Love, Beauty, and Truth: John Maynard Keynes

Seems a little strange and out of context to develop a blog post on Southern California Art with thoughts from the brilliant British economist John Maynard Keynes but, for the first half of the 20th century, the sharpest mind regarding “the Group Dynamics” within a growing global economy was that of Keynes.  Keynes understood the power of the Collective Experience and wrote about it in terms of Love, Beauty, and Truth.  “In the long run we are all dead…The market can stay irrational longer than you can stay solvent…The difficulty lies not so much in developing new ideas as in escaping from old ones…The appropriate subjects of passionate contemplation and communion were a beloved person, beauty and truth, and one’s prime objects in life were love, the creation and enjoyment of aesthetic experience and the pursuit of knowledge.”  How do you think Keynes perception of the Collective Experience relates to the visual arts developing in Southern California during the post World War II era under the curatorial leadership of Walter Hopps and the artwork of Edward Kienholz?

Photograph of John Maynard Keynes

Photograph of Walter Hopps

Edward Kienholz, The Wait, 1964-65

 

 

Author: roberttracyphd

Academic professor at the University of Nevada Las Vegas. I teach theory courses in Art and Architecture History. In addition, I also curate exhibitions on campus as well as in other venues nationally and internationally.

13 thoughts on “Love, Beauty, and Truth: John Maynard Keynes”

  1. The one Idea I want to center my response around is Keynes’s statement, “The difficulty lies not so much in developing new ideas as in escaping from old ones.” This is very relatable to the development of SoCal art because the artist of that area wanted to create a new identity in the world of art. I can imagine that it was difficult for them not because it was hard to come up with new ideas, but because everything done before that was successful is hard to dismiss from the subconscious mind. Personally, as a graphic designer this is true for me as well. Edward Kienholz is an example of this because he also struggled to gain grounds in the artistic world in the United States, and was more appreciated in Europe.

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  2. For Keynes perception, the difficulty of thinking something new is still there even in today’s society. Base off of Nahla words I feel that today society its hard to come up with an idea that has not been tried already. Especially with the internet out there. We have just been reinviting the wheel in art, design, and plays. For Keynes, it was trying to gain the proper exposer in the United States.

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  3. Ed Kienholz’s work in a way dealt with the “collective experience” by creating tableaus of other peoples’ experiences, and showing it to everyone though a magnified lens. He portrayed subject-matter that was about real-life experiences, even though they were often horrific (such as Five Car Stud), in a nitty-gritty kind of way. He is able to make an experience that maybe only an oppressed minority experiences, into a universal experience by restaging it. His other works such as Backseat Dodge dealt with more “universal” themes of sex and politics. All his works were about the realities of the world.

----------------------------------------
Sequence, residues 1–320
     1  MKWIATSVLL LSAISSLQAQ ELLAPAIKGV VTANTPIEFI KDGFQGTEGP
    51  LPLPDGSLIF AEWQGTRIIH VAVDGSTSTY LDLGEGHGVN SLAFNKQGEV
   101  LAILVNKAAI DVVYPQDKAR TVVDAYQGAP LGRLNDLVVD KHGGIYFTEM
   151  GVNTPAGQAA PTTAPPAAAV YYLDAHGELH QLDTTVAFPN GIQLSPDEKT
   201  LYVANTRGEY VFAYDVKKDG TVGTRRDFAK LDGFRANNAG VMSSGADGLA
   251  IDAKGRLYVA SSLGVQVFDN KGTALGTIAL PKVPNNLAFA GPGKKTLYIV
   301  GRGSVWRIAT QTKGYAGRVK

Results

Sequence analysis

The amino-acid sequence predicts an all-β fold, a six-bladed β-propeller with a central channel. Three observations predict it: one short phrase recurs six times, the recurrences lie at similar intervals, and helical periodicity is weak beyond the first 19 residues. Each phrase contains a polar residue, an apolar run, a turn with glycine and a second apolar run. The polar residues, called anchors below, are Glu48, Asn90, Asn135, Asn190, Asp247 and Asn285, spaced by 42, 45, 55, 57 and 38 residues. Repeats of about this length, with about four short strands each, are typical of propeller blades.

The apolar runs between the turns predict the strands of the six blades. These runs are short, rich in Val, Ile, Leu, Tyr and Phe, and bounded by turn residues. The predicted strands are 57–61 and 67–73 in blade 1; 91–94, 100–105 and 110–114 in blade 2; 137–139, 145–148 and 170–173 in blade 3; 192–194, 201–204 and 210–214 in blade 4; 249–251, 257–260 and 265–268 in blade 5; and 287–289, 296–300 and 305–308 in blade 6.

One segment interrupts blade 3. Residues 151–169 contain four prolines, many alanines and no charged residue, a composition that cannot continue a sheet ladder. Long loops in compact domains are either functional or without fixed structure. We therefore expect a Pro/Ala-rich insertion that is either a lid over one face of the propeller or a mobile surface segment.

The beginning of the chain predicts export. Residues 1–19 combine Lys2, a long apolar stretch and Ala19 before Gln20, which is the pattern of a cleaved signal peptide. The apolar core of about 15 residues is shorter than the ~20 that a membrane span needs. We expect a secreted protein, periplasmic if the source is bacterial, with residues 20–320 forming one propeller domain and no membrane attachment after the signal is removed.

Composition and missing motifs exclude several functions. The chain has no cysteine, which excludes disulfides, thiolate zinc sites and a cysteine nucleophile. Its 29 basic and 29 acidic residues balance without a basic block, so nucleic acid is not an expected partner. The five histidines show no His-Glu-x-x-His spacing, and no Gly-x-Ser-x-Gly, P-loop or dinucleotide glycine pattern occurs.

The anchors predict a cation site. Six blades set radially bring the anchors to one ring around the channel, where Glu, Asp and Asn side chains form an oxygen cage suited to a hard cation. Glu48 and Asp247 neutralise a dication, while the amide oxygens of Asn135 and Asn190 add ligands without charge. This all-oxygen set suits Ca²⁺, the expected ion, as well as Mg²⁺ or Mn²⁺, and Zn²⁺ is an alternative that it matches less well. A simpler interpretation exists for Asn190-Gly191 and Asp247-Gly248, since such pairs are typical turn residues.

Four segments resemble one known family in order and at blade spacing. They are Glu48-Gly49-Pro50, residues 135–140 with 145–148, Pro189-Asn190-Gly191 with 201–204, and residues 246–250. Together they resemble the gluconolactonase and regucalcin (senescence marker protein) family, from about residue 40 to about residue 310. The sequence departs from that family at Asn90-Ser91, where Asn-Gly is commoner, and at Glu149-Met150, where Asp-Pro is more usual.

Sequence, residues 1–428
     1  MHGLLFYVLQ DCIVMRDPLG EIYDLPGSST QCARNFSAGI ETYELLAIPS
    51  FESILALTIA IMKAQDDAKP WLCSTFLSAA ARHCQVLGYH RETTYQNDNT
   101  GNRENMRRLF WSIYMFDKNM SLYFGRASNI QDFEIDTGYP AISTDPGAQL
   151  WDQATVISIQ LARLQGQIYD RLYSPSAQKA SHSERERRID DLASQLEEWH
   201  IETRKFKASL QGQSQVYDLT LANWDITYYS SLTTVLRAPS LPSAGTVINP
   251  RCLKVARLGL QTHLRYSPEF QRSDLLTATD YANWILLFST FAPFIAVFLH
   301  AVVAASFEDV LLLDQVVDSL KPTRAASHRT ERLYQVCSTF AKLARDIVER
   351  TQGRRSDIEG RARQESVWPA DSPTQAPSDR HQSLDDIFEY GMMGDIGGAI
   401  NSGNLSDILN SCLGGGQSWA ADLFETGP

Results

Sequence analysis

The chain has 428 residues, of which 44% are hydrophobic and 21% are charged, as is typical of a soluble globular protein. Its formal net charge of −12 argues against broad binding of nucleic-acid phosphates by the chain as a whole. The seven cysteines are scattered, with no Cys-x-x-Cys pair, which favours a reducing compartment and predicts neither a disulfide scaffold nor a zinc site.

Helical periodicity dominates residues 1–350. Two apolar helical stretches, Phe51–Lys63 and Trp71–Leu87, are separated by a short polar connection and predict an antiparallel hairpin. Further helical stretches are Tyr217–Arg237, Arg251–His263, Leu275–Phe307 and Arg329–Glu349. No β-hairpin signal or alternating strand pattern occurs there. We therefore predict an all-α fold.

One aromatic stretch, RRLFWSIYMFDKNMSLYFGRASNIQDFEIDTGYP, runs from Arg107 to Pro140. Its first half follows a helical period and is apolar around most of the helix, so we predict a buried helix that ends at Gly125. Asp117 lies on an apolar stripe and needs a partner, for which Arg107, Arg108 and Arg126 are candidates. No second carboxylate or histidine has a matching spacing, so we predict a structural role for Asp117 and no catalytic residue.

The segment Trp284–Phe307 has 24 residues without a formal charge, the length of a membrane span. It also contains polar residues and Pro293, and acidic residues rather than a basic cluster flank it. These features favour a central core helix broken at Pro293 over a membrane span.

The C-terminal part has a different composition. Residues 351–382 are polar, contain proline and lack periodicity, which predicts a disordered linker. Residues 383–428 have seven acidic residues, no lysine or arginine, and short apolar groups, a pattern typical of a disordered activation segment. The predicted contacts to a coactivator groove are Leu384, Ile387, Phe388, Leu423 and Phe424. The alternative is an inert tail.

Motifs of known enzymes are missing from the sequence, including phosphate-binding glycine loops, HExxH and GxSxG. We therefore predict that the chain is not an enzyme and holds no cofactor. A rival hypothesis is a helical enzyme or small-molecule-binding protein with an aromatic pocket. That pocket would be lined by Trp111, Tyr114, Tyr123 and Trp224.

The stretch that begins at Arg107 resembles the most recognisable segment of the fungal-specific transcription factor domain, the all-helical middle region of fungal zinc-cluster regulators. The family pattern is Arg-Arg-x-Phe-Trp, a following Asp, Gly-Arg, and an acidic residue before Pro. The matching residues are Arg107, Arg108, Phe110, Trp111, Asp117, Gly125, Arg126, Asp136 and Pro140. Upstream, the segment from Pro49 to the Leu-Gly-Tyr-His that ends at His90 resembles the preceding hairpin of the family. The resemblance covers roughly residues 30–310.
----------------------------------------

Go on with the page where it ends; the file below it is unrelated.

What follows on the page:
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  4. It is interesting how ideas from unrelated subjects can be connected in such a profound way. Without the collective experience, there would not be the culture that there is today in Los Angeles. Post World War II artists had similar experiences and visions, and through that they created bodies of work connected by similar themes, objectives, and aesthetics. Walter Hopps and Edward Kienholz created and facilitated the group of SoCal artists, and by doing this they created a sort of group representation of Los Angeles culture. Keynes ideas were very applicable to the LA artists – they were struggling to escape old ideas and they were creating a new aesthetic experience.

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  5. I think it is very easy to draw connections between Keynes perception on the Collective Experience and post WWII art movement in Southern California. SoCal artists were coming up with new artistic ideas for composition, material, performance, activism, and much more. The hard part was getting the public to accept the new and the bizarre. This work was not like what was being taught in schools or showcased in museums. They were taking risks and pushing the boundaries, often crossing the line. For example, Edward Kienholz had a very hard time getting people to come see his work and accept it. His work was provocative, offensive, and messy and made the viewer uncomfortable and question their own values. These artist were tired of seeing the same art all the time and believed that they did not have to conform to New York standards to be successful. They took a chance and struggled at first but it paid off in the end for the artists and the public.

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  6. Similarities and connections can be found in almost anything if you look hard enough, however; the connection between Keynes and the post WWII art movement is evident. Both parties wanted to convey new ideas and struggled to escape old ones. This is a recurring theme throughout history, however this conflict of portraying new ideas is what sparks innovation. The post WWII artists strayed from the norm to create their own unique movement, and if they adhered to the old ideas all of the work they had accomplished over their lifetime would not exist.